Microsoft CEO Satya Nadella hinted at a major shakeup as he outlined his company's goals for the next fiscal year.
Nadella, who took over from Steve Ballmer last February, is looking to redefine what his predecessor designated as Microsoft's core.
"More recently, we have described ourselves as a 'devices and services' company. While the devices and services description was helpful in starting our transformation, we now need to hone in on our unique strategy," Nadella said in a letter to employees. "At our core, Microsoft is the productivity and platform company for the mobile-first and cloud-first world."
The letter, which was as much a press release as it was a company-wide memo, pointed to major changes within the company. Nadella said that he is looking to "flatten" the company and streamlining its processes. It is not yet clear if this would mean layoffs. Nonetheless, Nadella mentioning Friedrich Nietzsche may not be a good sign for Microsoft employees. Nietzsche was a 19th century German philosopher who criticized morality and disputed the idea of heaven.
"Every team across Microsoft must find ways to simplify and move faster, more efficiently. We will increase the fluidity of information and ideas by taking actions to flatten the organization and develop leaner business processes," Nadella said.
"A few months ago on a call with investors I quoted Nietzsche and said that we must have 'courage in the face of reality.' Even more important, we must have courage in the face of opportunity."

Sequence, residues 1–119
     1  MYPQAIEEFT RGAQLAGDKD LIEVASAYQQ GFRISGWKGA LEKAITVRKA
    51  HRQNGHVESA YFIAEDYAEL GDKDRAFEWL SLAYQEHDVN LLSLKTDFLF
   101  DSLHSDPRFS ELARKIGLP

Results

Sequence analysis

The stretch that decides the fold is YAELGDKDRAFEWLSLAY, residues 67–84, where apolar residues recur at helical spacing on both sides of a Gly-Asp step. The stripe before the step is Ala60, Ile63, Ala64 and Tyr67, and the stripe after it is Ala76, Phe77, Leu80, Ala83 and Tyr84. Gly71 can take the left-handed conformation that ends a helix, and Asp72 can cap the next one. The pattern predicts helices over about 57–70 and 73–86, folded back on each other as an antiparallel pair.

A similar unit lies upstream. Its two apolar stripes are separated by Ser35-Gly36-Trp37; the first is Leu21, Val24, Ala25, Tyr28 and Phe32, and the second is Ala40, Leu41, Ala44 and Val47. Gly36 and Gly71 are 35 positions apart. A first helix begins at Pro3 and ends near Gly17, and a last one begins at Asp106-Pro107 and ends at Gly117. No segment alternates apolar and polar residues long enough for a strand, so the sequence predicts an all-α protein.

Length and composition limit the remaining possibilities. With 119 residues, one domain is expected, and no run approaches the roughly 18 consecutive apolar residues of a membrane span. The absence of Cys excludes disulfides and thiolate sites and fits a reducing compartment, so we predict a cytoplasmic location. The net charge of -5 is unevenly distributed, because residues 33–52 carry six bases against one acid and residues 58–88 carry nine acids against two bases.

While Nadella stopped short of making any concrete announcements, he outlined what would be his company's new focus. "As a large company, I think it's critical to define the core, but it's important to make smart choices on other businesses in which we can have fundamental impact and success. The single biggest digital life category, measured in both time and money spent, in a mobile-first world is gaming. We are fortunate to have Xbox in our family to go after this opportunity with unique and bold innovation," he said. Nadella was also optimistic about Windows Phone and the recently released Surface Pro 3, which he identified as growth segments for the Windows ecosystem.
In its latest earnings report, for the third quarter of fiscal year of 2014, Microsoft's profits dropped by 6.6% to $20.4 billion. The decline was caused by weak PC sales. The annual report for fiscal year 2014 will be released on July 22.